If at all possible put a halt to proceedings and take your desk back. It would have been easier for you to say no initially but you can still back out.
If you haven't transferred items between desks yet then it is very straightforward. Simply say that you have changed your mind and that the swap is no longer happening. Something along the lines of:
I'm sorry but it won't be possible to swap. I like my current desk and realised that I need it for easy access to documents/people/resources x, y and z.
Your colleague won't be happy about this but it is tough luck. Remember that they were asking for something ridiculous (they wanted to have a nice desk entirely at your expense). Offer some sympathy and apologies but stop short of actually helping them out. If they talk about your business trips then offer to let them use the desk when you are away.
If you have already swapped desks then the situation is trickier. The best way forwards would be to speak to the office/desk manager (or your line manager if they can dominate the desk manager) and say you have tried out a new seating arrangement but it hasn't worked for you and you want to reverse the process.
All of the above is in lieu of managerial input. If an appropriate manager gets involved then you can make your case but shouldn't go against their decision (notify your line manager if this happens and they might sort it).
You've made a huge mistake. Desk space is the crown jewels of office politics. People can get extremely territorial and, depending on your circumstances and attitude of management, it may be difficult or impossible to gain access to any of the comfortable desks.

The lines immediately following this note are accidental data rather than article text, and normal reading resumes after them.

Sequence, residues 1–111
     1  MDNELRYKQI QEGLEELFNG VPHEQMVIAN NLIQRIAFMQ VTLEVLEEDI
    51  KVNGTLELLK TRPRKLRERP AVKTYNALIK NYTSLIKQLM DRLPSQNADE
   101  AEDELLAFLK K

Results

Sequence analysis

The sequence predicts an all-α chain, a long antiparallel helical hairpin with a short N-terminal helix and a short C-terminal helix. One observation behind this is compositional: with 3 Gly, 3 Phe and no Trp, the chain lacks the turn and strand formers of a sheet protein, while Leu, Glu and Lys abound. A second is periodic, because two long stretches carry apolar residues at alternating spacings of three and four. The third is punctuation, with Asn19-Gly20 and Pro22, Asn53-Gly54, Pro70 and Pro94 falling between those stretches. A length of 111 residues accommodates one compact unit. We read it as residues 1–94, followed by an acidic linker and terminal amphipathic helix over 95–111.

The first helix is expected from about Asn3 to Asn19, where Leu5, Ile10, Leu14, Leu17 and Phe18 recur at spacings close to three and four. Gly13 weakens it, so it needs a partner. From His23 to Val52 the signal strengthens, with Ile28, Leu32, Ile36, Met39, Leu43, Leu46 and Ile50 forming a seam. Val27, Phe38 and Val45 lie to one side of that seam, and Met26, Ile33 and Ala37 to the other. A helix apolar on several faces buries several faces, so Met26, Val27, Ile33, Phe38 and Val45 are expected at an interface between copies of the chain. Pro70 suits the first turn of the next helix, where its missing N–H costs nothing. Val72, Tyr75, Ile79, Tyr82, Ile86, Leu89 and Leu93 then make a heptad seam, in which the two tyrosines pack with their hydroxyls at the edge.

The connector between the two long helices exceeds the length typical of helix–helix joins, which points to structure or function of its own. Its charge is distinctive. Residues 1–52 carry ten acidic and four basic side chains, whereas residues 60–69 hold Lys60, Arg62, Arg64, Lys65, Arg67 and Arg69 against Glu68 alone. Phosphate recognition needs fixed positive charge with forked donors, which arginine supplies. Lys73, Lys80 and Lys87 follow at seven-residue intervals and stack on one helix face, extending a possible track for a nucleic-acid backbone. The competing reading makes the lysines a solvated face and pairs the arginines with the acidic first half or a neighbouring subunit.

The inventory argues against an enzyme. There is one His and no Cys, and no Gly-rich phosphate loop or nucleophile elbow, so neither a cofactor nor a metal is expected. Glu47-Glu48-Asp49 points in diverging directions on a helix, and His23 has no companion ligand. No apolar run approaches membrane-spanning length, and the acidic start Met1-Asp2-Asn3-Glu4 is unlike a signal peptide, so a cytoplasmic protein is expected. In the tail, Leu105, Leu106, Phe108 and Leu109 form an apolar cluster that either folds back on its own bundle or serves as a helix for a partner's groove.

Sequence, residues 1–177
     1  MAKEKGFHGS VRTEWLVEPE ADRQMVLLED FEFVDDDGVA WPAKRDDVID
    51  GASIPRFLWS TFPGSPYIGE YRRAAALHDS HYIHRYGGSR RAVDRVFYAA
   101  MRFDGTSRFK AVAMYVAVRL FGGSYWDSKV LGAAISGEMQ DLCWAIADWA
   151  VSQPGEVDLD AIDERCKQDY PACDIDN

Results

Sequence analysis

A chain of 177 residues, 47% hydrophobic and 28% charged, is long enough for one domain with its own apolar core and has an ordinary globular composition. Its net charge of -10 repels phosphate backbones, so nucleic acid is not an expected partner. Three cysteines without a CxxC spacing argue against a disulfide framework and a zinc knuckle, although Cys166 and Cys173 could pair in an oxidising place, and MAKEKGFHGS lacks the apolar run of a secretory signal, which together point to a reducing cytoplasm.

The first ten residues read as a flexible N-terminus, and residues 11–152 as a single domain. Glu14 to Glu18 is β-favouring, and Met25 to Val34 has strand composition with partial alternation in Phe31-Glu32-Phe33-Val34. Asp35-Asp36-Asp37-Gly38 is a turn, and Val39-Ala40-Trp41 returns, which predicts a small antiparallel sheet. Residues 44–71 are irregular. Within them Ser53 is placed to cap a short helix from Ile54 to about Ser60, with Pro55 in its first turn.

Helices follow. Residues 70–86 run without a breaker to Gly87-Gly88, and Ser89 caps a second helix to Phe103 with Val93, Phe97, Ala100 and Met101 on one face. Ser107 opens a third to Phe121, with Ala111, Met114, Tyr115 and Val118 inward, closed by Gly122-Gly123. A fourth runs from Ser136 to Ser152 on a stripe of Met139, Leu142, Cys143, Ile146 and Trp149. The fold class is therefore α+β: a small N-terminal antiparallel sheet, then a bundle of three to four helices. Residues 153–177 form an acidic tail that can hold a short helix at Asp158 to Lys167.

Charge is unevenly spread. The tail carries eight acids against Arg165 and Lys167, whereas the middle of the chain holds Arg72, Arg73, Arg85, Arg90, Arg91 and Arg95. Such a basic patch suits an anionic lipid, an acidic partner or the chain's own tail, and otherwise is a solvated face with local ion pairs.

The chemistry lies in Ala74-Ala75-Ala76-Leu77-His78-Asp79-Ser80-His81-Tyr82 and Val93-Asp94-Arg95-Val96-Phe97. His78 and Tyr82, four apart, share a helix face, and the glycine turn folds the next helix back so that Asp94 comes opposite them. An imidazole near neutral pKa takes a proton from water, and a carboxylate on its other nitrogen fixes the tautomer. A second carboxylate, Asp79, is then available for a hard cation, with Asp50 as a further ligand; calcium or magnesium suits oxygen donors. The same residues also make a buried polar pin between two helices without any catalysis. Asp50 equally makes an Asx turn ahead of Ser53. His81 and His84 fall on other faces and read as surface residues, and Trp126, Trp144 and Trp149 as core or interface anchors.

There are basically three ways to win at the game of desks:
- Get a manager to allocate you a good desk (often this is favouritism under the guise of reorganisation).
- Steal/scavange/repurpose a desk when someone leaves the organisation
- Cling to what you have. Accept no compromises unless they protect your position.
Remember that everybody else is also playing the game of desks. Most people will have a moderately comfortable arrangement that they have become accustomed to and the thing they fear most is losing it. This motivates people to believe in the sanctity of possession.
"I thought if I wouldn't have gone her way, probably people will think I'm a rude person."
Maybe but probably not. Turn the question around: if you ask for you desk back and she tells you "no" will people think that she is rude?
They might do but ultimately it doesn't matter: she has the desk and the new truth will quickly become an accepted norm. They will only remember it negatively if they think of her in general as being a rude person.